The TextServer Standard and Initial Implementations

panel / roundtable
  1. 1. Ross Scaife

    Classics - University of Kentucky

  2. 2. Ryan Gabbard

    University of Kentucky

  3. 3. David Neel Smith

    Classics - College of the Holy Cross

  4. 4. Hugh Cayless

    University of North Carolina

  5. 5. Christopher William Blackwell

    Furman University

Work text
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The discipline of Classics needs an open and modular architecture for electronic publications to reflect and serve the substantial community of scholars now capable of contributing discipline-specific technical features and materials to such an infrastructure. Key requirements include scalability, a rigorous and well-documented separation of protocol and implementation, and complete transparency: all components must carry a GPL or CC license and must be available in a public CVS. The new TextServer standard with its system of Registries is intended to meet those criteria, and is the main subject of this panel.

We propose four speakers, ordered as follows:

Neel Smith will introduce the TextServer system, and review some initial implementations.
Hugh Cayless will examine the details of the system of unified Registries that permits an interoperable whole made up of many distributed parts.
Christopher Blackwell will discuss the Registry system as well as his efforts to leverage the availability of TextServer materials for the XML publication Demos: Classical Athenian Democracy.
Ryan Gabbard and Ross Scaife will present their work on a TextServer-aware Computer Assisted Editing application.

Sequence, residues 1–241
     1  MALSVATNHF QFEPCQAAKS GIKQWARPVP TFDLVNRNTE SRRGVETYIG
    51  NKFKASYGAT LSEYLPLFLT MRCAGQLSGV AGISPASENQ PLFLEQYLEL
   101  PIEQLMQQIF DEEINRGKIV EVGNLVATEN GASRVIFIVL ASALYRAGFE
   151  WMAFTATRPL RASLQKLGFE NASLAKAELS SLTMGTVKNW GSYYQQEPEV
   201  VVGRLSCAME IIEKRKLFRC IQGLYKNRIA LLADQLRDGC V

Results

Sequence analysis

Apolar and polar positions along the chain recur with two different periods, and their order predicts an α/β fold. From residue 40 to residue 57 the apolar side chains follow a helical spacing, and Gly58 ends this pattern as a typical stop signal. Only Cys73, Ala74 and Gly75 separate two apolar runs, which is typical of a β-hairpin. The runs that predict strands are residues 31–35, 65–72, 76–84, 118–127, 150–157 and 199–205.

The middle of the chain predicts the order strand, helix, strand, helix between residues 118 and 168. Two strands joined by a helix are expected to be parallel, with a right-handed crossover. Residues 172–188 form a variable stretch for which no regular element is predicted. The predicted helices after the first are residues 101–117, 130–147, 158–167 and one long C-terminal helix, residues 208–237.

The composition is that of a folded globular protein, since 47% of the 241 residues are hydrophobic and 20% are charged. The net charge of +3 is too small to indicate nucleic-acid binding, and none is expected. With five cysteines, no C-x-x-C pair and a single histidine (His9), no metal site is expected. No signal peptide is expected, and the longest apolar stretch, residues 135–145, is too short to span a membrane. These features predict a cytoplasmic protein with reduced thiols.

The TextServer standard ( defines a light-weight DTD for describing an inventory of texts. Texts are notional entities that may additionally be described in terms of specific editions or translations, or specific physical exemplars of editions or translations. When inventoried texts are available on-line in TEI-conformant XML, the standard describes a protocol for: 1) identifying a canonical citation scheme for a given text; 2) retrieving valid values for citations; and 3) retrieving XML fragments by canonical reference. Applications using only these required parts of the standard include: -- a table-of-contents and paged-text browser -- a facing-page reader (allowing, e.g., a "Loeb library" format with translation and edition side by side) -- a difference viewer highlighting differences between two versions of a text Additional, optional parts of the standard define a protocol for indexing both simple string values and XML structures to strings within a chunk of text defined by canonical reference. These registry services are discussed by the following speakers.


In order for an interoperating system of TextServer implementations to be sustainable and scalable, there must be a mechanism in place for locating and resolving TextServers, their registries, and any new services created in this framework at a later date. To meet these needs and allow new distributed services to be made available to end users without the need for additional effort on their part, Hugh Cayless has defined a protocol stack consisting of a directory layer, a registry layer, and a service layer (please see accompanying diagram). The directory layer is responsible for identifying registries and forwarding requests to the appropriate place. The registry layer consists of RegistryServers which know about services such as TextServers and are able to retrieve the requested information from them. Thus applications following this protocol stack can use a simple identifier for a named entity or chunk of text to retrieve information, or to discover related information, without that identifier having to point at a specific system.